Daily Archives: April 3, 2013

I have been working on and following issues in Asia for more than 20 years from various vantages; from the US government (including stints at the Department of State, White House, Department of Defense and Treasury) to think-tanks, through to journalism and business. But no issue has been more vexing or confounding to me than North Korea. Virtually every aspect of my experience has been frustrating and often counterintuitive. Just when you anticipate a new leadership in Pyongyang testing the waters of engagement with a friendlier South Korean government, North Korea instead embarks on a risky course of confrontation. When the US and South Korea are ready for a showdown, Pyongyang suddenly switches gears and talks about peaceful relations. Despite North Korea’s recent starring roles in Hollywood blockbusters either as scheming masterminds (Olympus Has Fallen) or ruthless conquerors (Red Dawn), the truth is no country has played a bad hand more daringly.

Continue reading »

The eurozone finds itself back in the headlines. Once again, the world has been forced to watch a small country – this time Cyprus, with an economy smaller than that of Vermont – potentially threatening the integrity of the euro project. And not long before that, general elections in Italy produced extraordinary results – how often has a standing prime minister garnered only 10 per cent of the public vote?

Both events remind us that, after a period of calm since Mario Draghi’s bold and forceful introduction of a conditional European Central Bank backstop, the eurozone has yet to resolve its fundamental problems. Ultimately, strategic, long-term solutions, rather than short-term fixes, will be necessary to do so.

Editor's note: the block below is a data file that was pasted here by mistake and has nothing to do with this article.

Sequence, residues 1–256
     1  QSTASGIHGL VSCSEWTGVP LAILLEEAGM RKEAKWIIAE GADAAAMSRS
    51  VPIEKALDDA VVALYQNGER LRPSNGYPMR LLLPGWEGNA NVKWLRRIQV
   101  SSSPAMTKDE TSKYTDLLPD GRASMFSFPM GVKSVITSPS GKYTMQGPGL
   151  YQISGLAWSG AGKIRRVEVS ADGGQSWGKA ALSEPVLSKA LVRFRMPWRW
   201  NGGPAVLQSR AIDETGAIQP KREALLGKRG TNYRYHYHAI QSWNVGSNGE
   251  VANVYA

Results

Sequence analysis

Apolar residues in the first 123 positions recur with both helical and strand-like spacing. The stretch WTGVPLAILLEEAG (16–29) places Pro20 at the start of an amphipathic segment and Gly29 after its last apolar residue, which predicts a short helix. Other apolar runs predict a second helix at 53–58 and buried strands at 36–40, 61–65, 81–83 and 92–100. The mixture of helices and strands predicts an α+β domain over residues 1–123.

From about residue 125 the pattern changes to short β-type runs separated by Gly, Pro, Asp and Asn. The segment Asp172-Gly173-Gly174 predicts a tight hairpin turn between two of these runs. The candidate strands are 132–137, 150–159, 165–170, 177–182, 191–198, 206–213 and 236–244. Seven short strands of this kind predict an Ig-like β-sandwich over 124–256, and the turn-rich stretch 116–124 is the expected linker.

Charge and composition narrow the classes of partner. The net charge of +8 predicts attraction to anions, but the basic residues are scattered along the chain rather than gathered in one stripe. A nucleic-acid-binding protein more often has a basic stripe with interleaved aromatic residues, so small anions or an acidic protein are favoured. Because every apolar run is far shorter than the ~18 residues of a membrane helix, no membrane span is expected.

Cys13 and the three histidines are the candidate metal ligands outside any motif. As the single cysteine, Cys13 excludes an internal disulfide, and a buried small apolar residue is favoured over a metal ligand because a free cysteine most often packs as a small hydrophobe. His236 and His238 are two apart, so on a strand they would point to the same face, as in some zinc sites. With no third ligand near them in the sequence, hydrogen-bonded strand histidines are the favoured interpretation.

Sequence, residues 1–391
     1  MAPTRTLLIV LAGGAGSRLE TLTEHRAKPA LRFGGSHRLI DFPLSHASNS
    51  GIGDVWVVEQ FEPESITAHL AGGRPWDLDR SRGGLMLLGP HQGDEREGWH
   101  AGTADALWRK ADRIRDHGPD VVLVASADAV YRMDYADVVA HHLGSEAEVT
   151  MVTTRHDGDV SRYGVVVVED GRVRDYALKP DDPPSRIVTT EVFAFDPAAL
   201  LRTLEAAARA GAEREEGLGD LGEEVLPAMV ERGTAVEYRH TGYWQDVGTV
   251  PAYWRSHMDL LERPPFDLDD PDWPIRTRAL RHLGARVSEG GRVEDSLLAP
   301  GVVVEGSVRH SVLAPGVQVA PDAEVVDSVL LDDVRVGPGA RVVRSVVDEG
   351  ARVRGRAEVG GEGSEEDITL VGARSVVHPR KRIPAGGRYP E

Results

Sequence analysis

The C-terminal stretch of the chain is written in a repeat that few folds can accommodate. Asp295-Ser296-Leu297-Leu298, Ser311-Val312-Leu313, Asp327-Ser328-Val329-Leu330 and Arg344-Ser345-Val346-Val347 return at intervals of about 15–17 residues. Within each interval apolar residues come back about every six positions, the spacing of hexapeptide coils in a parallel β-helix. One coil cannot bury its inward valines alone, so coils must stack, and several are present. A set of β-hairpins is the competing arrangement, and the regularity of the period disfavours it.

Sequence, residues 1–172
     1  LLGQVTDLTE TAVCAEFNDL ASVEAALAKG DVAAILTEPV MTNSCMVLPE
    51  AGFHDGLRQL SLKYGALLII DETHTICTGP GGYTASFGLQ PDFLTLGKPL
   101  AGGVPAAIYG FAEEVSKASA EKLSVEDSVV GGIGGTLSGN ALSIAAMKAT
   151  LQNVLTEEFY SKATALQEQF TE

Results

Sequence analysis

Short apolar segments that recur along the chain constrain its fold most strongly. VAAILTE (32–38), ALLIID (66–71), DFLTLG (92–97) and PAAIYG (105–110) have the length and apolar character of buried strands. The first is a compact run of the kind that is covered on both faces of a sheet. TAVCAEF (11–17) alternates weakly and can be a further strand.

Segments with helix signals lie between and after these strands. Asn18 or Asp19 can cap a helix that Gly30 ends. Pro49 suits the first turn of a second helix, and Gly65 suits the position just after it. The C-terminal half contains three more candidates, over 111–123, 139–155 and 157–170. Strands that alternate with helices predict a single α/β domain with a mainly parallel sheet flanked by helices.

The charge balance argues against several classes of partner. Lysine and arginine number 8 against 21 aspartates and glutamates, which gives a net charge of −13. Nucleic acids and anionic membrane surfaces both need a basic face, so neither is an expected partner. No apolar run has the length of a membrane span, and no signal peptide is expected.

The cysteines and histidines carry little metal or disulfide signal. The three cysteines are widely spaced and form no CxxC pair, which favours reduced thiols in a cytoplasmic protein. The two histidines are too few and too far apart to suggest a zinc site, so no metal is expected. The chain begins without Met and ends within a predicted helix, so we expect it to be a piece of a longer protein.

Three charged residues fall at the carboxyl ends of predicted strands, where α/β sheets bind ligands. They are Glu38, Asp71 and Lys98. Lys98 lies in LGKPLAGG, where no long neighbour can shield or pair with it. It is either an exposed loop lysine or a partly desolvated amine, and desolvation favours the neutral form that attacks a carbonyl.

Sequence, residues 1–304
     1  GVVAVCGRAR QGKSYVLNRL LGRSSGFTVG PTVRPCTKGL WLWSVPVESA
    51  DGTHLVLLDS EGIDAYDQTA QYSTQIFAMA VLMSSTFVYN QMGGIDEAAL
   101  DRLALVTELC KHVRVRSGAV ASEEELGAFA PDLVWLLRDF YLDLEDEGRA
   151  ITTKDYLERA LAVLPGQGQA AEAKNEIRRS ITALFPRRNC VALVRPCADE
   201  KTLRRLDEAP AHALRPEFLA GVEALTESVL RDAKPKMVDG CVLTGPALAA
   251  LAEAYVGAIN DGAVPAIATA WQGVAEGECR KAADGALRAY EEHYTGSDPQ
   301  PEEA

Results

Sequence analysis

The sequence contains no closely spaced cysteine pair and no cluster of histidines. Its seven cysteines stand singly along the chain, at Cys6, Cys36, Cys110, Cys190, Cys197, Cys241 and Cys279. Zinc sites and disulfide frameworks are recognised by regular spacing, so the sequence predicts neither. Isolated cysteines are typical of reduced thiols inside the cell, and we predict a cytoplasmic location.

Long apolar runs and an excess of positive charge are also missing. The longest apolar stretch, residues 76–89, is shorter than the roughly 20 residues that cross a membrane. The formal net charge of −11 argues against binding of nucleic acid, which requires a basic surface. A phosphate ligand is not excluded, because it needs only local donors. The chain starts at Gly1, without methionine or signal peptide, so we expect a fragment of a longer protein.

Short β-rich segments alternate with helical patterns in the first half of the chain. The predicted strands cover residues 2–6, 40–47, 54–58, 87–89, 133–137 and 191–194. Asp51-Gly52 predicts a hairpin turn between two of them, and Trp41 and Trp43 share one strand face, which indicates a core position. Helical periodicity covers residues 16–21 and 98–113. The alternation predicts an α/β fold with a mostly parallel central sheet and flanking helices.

Continue reading »

The A-List

About this blog Blog guide
Welcome. This blog is available to subscribers only.

The A-List from the Financial Times provides timely, insightful comment on the topics that matter, from globally renowned leaders, policymakers and commentators.

Read the A-List author biographies

Subscribe to the RSS feed

To comment, please register for free with FT.com and read our policy on submitting comments.

All posts are published in UK time.

See the full list of FT blogs.

What we’re writing about

Afghanistan Asia maritime tensions carbon central banks China climate change Crimea emerging markets energy EU European Central Bank George Osborne global economy inflation Japan Pakistan quantitative easing Russia Rwanda security surveillance Syria technology terrorism UK Budget UK economy Ukraine unemployment US US Federal Reserve US jobs Vladimir Putin


Africa America Asia Britain Business China Davos Europe Finance Foreign Policy Global Economy Latin America Markets Middle East Syria World


« Mar May »April 2013